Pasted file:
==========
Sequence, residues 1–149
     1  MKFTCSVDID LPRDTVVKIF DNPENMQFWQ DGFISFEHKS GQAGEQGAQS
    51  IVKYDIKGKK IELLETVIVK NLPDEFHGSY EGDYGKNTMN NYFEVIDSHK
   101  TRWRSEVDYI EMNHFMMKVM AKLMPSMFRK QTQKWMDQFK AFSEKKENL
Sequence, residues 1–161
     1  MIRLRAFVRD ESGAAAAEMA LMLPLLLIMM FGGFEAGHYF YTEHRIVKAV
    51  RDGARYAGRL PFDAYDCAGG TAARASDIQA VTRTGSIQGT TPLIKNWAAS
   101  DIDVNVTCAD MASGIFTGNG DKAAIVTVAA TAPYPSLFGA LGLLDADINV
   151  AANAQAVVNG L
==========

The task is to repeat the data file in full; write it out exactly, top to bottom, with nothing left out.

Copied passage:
Sequence, residues 1–149
     1  MKFTCSVDID LPRDTVVKIF DNPENMQFWQ DGFISFEHKS GQAGEQGAQS
    51  IVKYDIKGKK IELLETVIVK NLPDEFHGSY EGDYGKNTMN NYFEVIDSHK
   101  TRWRSEVDYI EMNHFMMKVM AKLMPSMFRK QTQKWMDQFK AFSEKKENL
Sequence, residues 1–161
     1  MIRLRAFVRD ESGAAAAEMA LMLPLLLIMM FGGFEAGHYF YTEHRIVKAV
    51  RDGARYAGRL PFDAYDCAGG TAARASDIQA VTRTGSIQGT TPLIKNWAAS
   101  DIDVNVTCAD MASGIFTGNG DKAAIVTVAA TAPYPSLFGA LGLLDADINV
   151  AANAQAVVNG L